Molly Sims’s Go-To Holiday Side: Carrot Quinoa Salad

12/12/2013 at 12:05 PM ET

Molly Sims Holiday Entertaining; Inset: Michael Kovac/WireImag

Thank you, Molly Sims, for showing the world that being a model and being passionate about food don’t have to be mutually exclusive.

The busy mom to a toddler also writes a cooking and entertaining blog, develops recipes for Woodbridge wines and fills up her Pinterest account with cool food finds (well, there might be a Zac Posen dress or two on there as well). Her hometown board on Kentucky, which has recommendations for bourbon, burgers, ice cream, and sushi, will make you want to fly south for your next vacation.

Sims, who recently shared some of her favorite tips from her upcoming book, The Everyday Supermodel, suggests setting a festive atmosphere for a winter party by simmering a deliciously scented drink like mulled wine before people arrive. She also plans kid-friendly activities for her son and his buddies, like a group scavenger hunt to find the items that will make up the centerpiece. And to honor her Southern roots, she’ll set up a mashed potato buffet and let guests add their own bacon, veggies, and cheese.

When it comes to selecting the menu, Sims lets her friends be her inspiration. “My good friend Kishani is a vegetarian, and when she comes for the holidays I always make sure there are veggie options she can enjoy, like my honey-roasted carrot quinoa salad,” she says.

Sims has shared the recipe for this tasty, simple side. It’s a versatile dish that can either be served family-style or individually plated over greens and topped with cubed mozzarella.

Frankly, we’re impressed that Sims can plan such fun and creative parties given how busy she is juggling work, family and travel. Maybe she can blog about her time-management strategies next?

Honey-Roasted Carrot and Quinoa Salad
Serves 4-6

1 cup quinoa, rinsed well in a fine-mesh sieve
2 tsbp. apple cider
2 tsbp. honey
Salt and freshly ground black pepper
3 medium carrots (about ½ lb.) peeled, thinly sliced on a diagonal
1 tsbp. apple cider vinegar
2 tsp. finely grated lemon zest
1 tsbp. fresh lemon juice
¼ cup olive oil plus more for baking sheet
½ cup pickled beets, cut into matchsticks
2 tsbp. coarsely chopped fresh dill
1 head butter lettuce, leaves torn, or a few handfuls of fresh arugula, optional
4 oz. fresh mozzarella, cut into cubes, optional

1. Preheat oven to 400F.

2. Cook quinoa according to package directions, until tender. Fluff with a fork and transfer to a large bowl; let cool.

3. Lightly coat a large rimmed baking sheet with oil. Whisk cider and honey in a large bowl to blend; season with salt and pepper. Add carrots and toss to coat.

4. Transfer to prepared baking sheet, spreading into a single layer, and roast until tender, about 15 minutes. Let cool.

5. Whisk vinegar, lemon zest, and lemon juice in a small bowl. Gradually whisk in ¼ cup oil until blended. Season to taste with salt and pepper. Add beets, dill, carrots, and half of vinaigrette to quinoa mixture, toss to coat, and serve.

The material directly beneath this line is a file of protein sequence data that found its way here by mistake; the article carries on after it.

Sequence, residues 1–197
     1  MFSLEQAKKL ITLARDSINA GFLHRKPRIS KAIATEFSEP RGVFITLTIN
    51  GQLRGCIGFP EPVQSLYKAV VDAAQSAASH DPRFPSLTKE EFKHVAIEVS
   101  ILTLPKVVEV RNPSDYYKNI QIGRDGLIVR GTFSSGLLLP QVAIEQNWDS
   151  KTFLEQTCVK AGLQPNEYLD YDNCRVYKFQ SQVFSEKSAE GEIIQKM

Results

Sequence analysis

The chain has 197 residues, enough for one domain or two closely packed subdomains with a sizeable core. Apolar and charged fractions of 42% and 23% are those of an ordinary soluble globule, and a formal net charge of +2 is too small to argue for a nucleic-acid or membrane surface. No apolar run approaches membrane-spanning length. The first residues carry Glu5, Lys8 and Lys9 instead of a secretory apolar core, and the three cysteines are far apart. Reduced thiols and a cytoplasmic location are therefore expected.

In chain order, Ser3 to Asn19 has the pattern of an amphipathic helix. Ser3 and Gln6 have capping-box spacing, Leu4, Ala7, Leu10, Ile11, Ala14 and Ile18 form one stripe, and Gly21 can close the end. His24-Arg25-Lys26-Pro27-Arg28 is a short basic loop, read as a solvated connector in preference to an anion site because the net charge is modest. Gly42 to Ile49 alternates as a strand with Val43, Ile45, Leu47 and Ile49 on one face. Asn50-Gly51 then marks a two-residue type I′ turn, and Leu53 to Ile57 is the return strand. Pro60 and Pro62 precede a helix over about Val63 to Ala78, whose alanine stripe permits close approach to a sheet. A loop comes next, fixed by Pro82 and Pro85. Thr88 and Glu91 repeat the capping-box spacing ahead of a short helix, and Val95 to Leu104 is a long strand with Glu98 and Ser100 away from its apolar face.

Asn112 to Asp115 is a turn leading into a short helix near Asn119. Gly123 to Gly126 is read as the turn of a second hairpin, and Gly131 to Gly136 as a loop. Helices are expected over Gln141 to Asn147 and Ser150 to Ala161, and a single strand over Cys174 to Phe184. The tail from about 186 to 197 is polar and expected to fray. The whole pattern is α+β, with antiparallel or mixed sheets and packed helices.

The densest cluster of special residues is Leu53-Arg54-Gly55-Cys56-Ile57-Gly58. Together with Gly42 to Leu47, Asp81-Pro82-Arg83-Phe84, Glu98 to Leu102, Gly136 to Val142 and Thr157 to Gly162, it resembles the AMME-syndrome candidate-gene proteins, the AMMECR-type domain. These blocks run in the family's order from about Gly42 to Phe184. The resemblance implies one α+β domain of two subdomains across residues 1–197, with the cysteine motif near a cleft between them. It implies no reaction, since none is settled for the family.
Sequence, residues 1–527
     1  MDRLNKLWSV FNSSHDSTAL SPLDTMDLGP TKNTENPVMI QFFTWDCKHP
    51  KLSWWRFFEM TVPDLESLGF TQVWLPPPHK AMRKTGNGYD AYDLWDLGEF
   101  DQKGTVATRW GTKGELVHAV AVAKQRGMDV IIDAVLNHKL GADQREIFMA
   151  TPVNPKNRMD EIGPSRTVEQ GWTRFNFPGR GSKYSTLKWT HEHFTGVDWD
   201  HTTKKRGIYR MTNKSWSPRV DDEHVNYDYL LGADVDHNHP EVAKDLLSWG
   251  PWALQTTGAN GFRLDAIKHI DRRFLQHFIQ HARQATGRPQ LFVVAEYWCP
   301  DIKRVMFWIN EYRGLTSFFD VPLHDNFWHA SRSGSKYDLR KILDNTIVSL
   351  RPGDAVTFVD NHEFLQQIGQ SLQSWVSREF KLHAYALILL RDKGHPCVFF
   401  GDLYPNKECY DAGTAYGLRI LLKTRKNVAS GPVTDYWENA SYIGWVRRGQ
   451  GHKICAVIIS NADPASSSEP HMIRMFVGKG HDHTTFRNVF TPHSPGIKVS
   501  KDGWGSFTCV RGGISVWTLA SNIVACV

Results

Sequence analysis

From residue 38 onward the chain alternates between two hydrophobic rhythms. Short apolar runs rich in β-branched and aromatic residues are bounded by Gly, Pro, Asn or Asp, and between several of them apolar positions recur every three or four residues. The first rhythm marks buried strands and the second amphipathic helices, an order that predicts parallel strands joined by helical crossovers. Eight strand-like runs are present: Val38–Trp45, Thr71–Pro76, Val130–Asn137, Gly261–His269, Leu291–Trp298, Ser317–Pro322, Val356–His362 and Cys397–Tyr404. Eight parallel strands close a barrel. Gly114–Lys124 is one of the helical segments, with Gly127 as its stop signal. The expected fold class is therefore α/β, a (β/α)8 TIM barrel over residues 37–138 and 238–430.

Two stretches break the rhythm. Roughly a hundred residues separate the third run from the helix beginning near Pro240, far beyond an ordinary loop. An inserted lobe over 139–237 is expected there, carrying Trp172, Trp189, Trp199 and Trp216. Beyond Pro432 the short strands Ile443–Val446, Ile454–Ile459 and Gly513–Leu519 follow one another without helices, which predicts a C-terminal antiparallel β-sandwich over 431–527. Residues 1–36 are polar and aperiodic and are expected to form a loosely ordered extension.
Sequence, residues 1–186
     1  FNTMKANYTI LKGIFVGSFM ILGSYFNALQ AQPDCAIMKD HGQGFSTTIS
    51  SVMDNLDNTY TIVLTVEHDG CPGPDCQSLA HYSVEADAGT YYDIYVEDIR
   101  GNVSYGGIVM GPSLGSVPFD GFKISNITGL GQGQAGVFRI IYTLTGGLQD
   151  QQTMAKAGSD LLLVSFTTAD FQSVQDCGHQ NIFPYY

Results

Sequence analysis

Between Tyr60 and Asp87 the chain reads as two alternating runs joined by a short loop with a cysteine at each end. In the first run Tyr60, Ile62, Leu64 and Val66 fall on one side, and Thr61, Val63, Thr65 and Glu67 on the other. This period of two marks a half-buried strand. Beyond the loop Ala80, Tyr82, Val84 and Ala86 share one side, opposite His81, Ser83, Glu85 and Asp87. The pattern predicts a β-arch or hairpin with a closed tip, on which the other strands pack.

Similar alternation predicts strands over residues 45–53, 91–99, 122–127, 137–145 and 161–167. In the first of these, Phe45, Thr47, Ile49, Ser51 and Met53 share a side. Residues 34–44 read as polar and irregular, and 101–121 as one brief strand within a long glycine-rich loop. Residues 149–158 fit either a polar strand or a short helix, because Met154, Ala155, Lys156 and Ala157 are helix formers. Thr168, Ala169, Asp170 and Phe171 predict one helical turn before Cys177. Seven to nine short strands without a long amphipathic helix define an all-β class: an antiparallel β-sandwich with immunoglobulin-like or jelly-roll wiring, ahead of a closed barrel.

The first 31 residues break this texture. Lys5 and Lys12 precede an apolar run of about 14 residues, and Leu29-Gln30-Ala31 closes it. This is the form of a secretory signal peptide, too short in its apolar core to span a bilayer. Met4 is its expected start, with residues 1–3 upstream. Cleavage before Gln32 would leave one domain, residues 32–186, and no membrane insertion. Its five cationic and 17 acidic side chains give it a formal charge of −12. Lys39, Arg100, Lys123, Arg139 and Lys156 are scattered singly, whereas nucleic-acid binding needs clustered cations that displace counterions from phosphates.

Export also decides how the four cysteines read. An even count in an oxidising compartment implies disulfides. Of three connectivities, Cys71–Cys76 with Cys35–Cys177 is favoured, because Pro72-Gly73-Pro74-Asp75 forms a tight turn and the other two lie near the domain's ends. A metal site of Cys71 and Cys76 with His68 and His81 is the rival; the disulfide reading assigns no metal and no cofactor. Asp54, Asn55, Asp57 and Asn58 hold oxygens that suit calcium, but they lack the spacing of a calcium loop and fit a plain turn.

Optional serving idea: Arrange lettuce among serving bowls, top with quinoa mixture and drizzle with remaining vinaigrette. Top with mozzarella cubes, if desired.

—Lexi Dwyer

FILED UNDER: Food , Molly Sims , Recipes , Vegetarian

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The Latest Craze in Disco Styles Is See-Through Jeans—but Beware of Foggy Bottoms
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The Latest Craze in Disco Styles Is See-Through Jeans—but Beware of Foggy Bottoms

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On a clear day, you can see forever—or at least that’s the wicked thought behind L.A. designer Agi Berliner’s transparent idea: see-through jeans. Exhibitionists notwithstanding, most folks wear them over bathing suits or as attention-getting evening wear with halters, garter belts and body stockings. Created for the disco crowd, the $34 jeans are selling like, well, hot pants. In just six weeks, 25,000 pairs have already been sold in such major department store chains as Macy’s, Bonwit’s and Saks.

“What’s limiting American designers is that we’re afraid to do something different,” says Berliner, 32, a Hungarian émigré who fled with her family to the U.S. in 1956. Agi thought up the gimmick in London while marveling at the way plastics were being employed by designers of punk fashion. In her L.A. office, where she designs for La Parisienne junior sportswear, Agi spent five days on the phone and six weeks testing to come up with the right plastic.

Agi herself tried out the French-cut jeans with the zipper in front, and quickly found several problems: Some plastics tore away from stitching, others wouldn’t bend and all fogged with perspiration. The ideal material proved to be a vinyl supplied by a bookbinder. The steam was eliminated with a series of vents behind the knees and in the crotch. “They’re no hotter than polyester pants,” claims Agi, “and if you wear them with tights, they won’t stick to your legs.”

Whatever the discomfort and despite the problem of Saturday night feverishness, discomaniacs report one major advantage of the plastic pants: no laundry bills. To keep Berliner’s see-through jeans clear, all the wearer needs is a little Windex.

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